Photo: Andrew Burton (Getty Images)

Sen. Tim Scott of South Carolina announced Thursday afternoon that he will not support President Donald Trump’s judicial nomination of Thomas Farr, a lawyer that built a career off advising and representing the likes of segregationist Jesse Helms and the North Carolina GOP.

The decision comes a day after Scott held up a Senate vote for roughly 45 minutes before ultimately opting to vote for cloture—at that point, the vote was stuck at 50-49 in favor of denying Farr a confirmation vote. Scott’s vote knotted things at 50-50, allowing Vice President Mike Pence to deliver the tie-breaking vote and put Farr one vote away from a lifetime seat on the District Court bench.

Scott told reporters after Wednesday’s vote that he still wasn’t sure what his vote on Farr’s nomination would be, as he needed to further review the available information. According to The State, Scott’s ultimate decision was swayed by the release of a 1991 Department of Justice memo leaked to the Washington Post, in which the DOJ found that Farr was the “primary coordinator” of a 1984 push by the Helms campaign to intimidate black voters and discourage them from voting.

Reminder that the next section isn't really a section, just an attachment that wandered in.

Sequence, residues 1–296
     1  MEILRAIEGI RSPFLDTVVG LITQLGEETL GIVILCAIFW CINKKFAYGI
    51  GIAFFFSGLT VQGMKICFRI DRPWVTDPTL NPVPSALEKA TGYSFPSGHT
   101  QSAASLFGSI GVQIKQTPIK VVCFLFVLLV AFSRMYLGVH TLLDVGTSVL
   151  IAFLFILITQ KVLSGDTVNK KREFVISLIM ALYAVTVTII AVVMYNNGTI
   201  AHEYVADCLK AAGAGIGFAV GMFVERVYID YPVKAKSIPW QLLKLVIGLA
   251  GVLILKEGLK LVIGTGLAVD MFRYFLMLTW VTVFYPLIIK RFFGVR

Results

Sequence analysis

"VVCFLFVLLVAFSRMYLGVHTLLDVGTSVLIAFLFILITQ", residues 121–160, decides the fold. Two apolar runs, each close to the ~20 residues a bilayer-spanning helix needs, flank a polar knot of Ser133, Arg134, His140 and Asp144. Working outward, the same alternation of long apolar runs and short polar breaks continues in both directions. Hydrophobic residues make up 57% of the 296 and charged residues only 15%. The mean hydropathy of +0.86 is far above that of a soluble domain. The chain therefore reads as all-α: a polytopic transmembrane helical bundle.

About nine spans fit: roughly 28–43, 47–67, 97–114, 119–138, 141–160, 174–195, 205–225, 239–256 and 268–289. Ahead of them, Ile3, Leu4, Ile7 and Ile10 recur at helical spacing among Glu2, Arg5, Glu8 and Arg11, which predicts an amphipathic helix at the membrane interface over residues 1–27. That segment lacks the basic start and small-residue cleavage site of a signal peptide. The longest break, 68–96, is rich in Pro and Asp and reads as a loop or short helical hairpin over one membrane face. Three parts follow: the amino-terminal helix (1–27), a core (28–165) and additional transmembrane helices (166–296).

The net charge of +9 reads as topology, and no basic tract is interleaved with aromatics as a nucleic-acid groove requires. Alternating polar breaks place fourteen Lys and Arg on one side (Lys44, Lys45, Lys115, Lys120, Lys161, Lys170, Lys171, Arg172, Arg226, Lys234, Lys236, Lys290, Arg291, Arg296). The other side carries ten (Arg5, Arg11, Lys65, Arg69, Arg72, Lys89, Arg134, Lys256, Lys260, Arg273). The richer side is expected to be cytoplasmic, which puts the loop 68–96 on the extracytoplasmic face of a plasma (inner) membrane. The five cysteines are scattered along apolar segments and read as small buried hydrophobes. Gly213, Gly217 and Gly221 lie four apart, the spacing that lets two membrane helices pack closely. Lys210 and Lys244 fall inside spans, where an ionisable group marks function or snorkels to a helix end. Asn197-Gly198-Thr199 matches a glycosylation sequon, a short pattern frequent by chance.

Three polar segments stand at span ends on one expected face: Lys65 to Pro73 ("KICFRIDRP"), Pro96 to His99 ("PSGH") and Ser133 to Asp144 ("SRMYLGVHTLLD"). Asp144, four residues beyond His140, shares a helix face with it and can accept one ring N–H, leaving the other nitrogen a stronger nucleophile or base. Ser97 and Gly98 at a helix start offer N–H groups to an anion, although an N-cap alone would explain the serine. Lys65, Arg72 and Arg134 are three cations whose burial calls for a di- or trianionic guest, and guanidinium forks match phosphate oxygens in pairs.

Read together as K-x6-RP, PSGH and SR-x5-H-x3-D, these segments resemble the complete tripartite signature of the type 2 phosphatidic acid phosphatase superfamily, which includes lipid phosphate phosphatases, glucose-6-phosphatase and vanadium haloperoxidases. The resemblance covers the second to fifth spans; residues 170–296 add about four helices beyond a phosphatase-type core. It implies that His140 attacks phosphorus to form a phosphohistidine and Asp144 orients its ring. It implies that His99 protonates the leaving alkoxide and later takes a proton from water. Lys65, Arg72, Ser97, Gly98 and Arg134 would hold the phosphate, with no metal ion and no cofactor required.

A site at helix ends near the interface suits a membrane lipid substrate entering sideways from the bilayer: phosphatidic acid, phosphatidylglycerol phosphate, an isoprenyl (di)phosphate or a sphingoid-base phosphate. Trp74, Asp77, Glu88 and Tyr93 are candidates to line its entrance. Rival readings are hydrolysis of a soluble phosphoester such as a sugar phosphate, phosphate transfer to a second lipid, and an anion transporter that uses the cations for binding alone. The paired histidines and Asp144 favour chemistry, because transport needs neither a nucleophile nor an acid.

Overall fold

“I am ready and willing to support strong candidates for our judicial vacancies that do not have lingering concerns about issues that could affect their decision-making process as a federal judge,” Scott wrote in a statement, per The State. “This week, a Department of Justice memo written under President George H.W. Bush was released that shed new light on Mr. Farr’s activities. This, in turn, created more concerns. Weighing these important factors, this afternoon I concluded that I could not support Mr. Farr’s nomination.”

With Sen. Jeff Flake of Arizona opposing Farr’s nomination on the grounds of both a moral opposition to Farr and his ongoing insistence of a bill to protect the investigation of special counsel Robert Mueller before he confirms any more Trump-nominated judges, Farr’s bid for a seat on the federal bench is effectively dead. (For now, anyway—this was Farr’s fourth nomination in the last 12 years, put forward by both Trump and George W. Bush.)

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Thanks to Scott’s delayed-but-righteous vote, the folks in eastern North Carolina will spend the next 20 years without having a Helms acolyte on their federal court. And on a day that’s included both 69th squadron sky-penises and Laura Loomer freezing her ass off while turning into an ad for the Deadspin Awards, this is by far the best news.